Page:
To boost American defenses against “rogue states,” Bush directed the Department of Defense (DOD) to field sensor-supported initial homeland missile defense capabilities by 2004. In compliance with these directives, the MDA established the Ground-Based Midcourse Defense (GMD) system, designed to intercept incoming intercontinental ballistic missiles.REF Over the next few years, the MDA placed 30 ground-based interceptors (GBIs) at military bases in Fort Greely, Alaska, and Vandenberg Air Force Base, California, complete with sensors across 15 time zones on land, at sea, and in orbit In 2013, amid growing North Korean threats, President Barack Obama had another 14 interceptors installed at Fort Greely, bringing the GBI total to 44.REF

The GBIs are a beneficial and necessary step in creating a U.S. missile defense architecture, but with their high cost and limited defense capabilities, they are not the solution to the problem of ensuring the U.S. against nuclear threats. In 2011, MDA Director Lieutenant General Patrick O’Reilly testified that each GBI cost “around $70 million.”REF This number, however, fails to include the additional cost of refurbishing deployed interceptors or the cost to fix issues discovered during test failures. For instance, a 2012 Government Accountability Office report estimated that refurbishments would cost “from $14 million to $24 million.”REF Ultimately, each GBI costs closer to $90 million.

In addition to their costs, the current generation of GBIs do not provide sufficient protection against future threats both from rogue states and from great powers such as China and Russia. In fact, they soon may not even be capable of countering an ICBM attack from North Korea alone. Since 2012, North Korea has conducted about 220 missile tests. Satellite images suggest a strategic nuclear arsenal of over 40 nuclear weapons, which may be mated to 11 Hwasong-17 ICBMs, each of which is capable of carrying four nuclear warheads.REF According to a U.S. Northern Command assessment, North Korea’s sustained expansion of its missile and nuclear programs could enable it to overwhelm the U.S. GMD by 2025.REF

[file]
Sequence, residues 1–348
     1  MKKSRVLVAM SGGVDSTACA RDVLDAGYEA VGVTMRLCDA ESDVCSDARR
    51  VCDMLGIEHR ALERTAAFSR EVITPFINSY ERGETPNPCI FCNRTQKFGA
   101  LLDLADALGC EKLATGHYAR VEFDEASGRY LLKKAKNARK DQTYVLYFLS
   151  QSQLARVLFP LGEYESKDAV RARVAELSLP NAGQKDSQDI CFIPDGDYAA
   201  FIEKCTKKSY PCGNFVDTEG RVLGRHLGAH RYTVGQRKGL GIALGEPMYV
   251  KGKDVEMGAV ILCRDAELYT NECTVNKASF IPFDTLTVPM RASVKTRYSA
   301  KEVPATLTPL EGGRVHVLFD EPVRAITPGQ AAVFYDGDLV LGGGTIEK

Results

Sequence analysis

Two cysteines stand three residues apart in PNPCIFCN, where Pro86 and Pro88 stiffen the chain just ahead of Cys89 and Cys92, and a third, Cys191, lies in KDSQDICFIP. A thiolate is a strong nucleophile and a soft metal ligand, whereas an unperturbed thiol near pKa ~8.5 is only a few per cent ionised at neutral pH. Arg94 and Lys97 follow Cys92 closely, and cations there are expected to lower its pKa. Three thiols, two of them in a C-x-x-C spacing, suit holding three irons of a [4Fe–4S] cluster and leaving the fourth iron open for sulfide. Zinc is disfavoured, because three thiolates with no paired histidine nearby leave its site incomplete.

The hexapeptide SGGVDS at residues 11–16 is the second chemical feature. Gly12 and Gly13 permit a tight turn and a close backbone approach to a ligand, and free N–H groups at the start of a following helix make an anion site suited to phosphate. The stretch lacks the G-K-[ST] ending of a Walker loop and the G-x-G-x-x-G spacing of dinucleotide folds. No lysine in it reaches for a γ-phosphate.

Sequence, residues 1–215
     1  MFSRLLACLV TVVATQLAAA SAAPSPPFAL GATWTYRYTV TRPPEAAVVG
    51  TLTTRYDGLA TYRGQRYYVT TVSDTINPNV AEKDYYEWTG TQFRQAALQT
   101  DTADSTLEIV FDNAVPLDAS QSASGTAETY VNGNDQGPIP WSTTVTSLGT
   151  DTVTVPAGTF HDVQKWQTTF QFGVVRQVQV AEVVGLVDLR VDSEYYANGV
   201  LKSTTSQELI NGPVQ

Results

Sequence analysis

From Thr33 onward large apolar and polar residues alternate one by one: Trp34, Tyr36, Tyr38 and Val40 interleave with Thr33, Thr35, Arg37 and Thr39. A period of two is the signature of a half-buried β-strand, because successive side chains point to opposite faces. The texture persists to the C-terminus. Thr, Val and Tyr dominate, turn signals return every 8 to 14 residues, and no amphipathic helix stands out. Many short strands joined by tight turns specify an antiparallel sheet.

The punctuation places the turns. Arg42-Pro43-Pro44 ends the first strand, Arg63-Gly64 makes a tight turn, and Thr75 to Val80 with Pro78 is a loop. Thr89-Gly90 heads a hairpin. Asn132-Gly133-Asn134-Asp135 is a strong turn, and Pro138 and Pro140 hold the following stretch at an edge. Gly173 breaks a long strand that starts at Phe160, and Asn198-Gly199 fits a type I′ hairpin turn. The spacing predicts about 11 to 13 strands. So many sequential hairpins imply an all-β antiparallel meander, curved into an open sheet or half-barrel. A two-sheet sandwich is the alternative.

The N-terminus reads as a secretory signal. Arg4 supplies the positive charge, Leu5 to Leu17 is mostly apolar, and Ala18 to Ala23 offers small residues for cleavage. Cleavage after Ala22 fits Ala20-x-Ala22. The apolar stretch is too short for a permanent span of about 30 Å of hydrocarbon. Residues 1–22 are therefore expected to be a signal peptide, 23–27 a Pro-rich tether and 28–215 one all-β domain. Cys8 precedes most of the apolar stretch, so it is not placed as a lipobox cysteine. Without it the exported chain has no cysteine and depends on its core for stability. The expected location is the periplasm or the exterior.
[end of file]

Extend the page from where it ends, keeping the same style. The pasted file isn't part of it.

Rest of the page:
Compounding rogue state concerns, the Iranian missile program also continues unchecked. So far, Iran is not known to possess a nuclear weapon, but it likely possesses ballistic missiles that are able to carry a nuclear warhead. Violating the Nuclear Non-Proliferation Treaty (NPT),REF Iran is also stockpiling uranium “enriched up to 60% purity,”REF and a former lead official in Tehran’s program claims that “the Islamic Republic has all the pieces for a weapon ‘in our hands.’”REF In September 2023, the Islamic Republic de-designated and expelled eight IAEA inspectors. According to IAEA Director General Rafael Mariano Grossi: